well, lets see, i took my pn on sept 15, 06, i checked to see my results on sept 23, when i went to the office of professions website (ny) they put my license number and info up the same day, the issuedate also says the 23, the day i checked it. i recieved my official license and registration documents about a week after. as long as you passed you can work, even if you didn't get your documents because the info is online. congrats!
  7. by   suzanne4
    Your biggest issue will be that many of the NY hospitals are not hiring LPNs at this time, they are focusing on RNs.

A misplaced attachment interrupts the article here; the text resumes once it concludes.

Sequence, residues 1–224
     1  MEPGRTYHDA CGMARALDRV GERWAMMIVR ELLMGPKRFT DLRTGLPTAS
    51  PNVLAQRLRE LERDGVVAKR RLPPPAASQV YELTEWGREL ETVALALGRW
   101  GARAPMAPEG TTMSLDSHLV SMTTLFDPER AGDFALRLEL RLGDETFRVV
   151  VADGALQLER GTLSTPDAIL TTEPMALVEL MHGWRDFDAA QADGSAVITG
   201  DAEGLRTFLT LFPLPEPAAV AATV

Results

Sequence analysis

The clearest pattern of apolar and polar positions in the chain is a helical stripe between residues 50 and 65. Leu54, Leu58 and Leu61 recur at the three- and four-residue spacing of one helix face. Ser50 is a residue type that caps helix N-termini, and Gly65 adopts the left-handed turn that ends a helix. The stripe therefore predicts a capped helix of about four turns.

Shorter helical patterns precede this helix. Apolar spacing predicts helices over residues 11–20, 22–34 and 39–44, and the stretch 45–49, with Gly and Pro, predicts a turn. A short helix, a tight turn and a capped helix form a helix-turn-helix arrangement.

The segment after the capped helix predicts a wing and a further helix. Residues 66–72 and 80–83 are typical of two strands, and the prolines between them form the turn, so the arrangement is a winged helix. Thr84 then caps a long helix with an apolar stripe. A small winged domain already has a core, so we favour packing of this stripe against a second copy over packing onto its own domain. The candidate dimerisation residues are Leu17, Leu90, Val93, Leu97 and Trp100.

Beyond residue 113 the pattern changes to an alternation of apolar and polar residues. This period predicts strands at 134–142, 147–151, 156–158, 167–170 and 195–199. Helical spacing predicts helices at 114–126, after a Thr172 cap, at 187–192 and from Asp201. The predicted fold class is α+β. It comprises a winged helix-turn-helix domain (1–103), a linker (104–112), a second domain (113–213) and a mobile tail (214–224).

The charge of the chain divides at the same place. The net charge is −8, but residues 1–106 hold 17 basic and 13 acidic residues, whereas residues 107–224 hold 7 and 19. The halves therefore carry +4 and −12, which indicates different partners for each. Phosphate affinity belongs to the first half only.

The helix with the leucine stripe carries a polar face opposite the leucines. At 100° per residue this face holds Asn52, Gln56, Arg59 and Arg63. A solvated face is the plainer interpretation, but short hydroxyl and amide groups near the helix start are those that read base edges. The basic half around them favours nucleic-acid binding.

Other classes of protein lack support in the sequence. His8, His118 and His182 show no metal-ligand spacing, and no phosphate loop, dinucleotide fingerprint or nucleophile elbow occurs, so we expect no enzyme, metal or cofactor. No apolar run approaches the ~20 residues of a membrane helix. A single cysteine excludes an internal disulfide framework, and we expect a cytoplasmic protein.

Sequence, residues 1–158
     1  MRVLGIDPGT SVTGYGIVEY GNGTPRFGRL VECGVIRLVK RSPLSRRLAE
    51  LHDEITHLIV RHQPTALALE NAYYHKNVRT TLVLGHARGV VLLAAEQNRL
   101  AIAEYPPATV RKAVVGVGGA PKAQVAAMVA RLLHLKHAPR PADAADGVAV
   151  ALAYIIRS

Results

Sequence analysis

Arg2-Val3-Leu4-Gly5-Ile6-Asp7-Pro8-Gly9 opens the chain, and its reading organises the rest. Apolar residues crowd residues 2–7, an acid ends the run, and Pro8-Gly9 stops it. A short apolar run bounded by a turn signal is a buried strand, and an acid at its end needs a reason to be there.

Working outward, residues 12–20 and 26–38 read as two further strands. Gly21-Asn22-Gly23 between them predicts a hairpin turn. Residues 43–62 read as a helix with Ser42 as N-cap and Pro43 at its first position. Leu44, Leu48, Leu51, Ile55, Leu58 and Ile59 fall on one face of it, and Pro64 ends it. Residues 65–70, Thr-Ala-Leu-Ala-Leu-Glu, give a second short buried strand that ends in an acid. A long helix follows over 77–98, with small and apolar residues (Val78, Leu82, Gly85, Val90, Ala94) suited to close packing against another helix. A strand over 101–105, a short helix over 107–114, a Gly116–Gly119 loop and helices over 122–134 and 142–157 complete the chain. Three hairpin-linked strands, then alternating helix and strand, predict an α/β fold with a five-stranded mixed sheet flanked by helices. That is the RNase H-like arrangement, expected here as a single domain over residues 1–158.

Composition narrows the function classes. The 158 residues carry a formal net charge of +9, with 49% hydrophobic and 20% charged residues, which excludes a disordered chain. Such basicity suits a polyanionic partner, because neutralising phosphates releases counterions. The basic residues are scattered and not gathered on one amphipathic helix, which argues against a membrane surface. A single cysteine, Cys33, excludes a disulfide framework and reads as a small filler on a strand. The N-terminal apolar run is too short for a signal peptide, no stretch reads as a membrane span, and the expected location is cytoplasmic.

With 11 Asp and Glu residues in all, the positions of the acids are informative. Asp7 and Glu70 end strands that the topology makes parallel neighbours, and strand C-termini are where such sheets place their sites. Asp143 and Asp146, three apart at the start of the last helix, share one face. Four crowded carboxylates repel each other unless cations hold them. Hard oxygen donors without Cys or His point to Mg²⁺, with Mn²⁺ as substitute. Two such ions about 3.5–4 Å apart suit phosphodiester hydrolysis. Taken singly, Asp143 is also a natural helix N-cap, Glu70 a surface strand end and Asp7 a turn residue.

As long as you can verify your license on the BON website then you can start working as a license number has been issued to you. Verification on the Pearson-Vue website does not give you the required information that is needed by an employer.
  8. by   suzanne4
    Quote from RNsRWe
    I guess you squeezed in under the wire! I believe as of June 1, this option (testing for LPN while in RN program) will no longer be available. One of the reasons is that no other states (including NYS) will recognize a license as valid if it has not come after the completion of an accredited nursing program.

    You can, therefore, work as an LPN in NYS, licensed in NYS, but not elsewhere. You will need to have completed your RN program to apply for a license that can be endorsed in other states. And of course, once you HAVE completed your RN curriculum, you can sit for NCLEX-RN and then get a license you can use in ALL the States.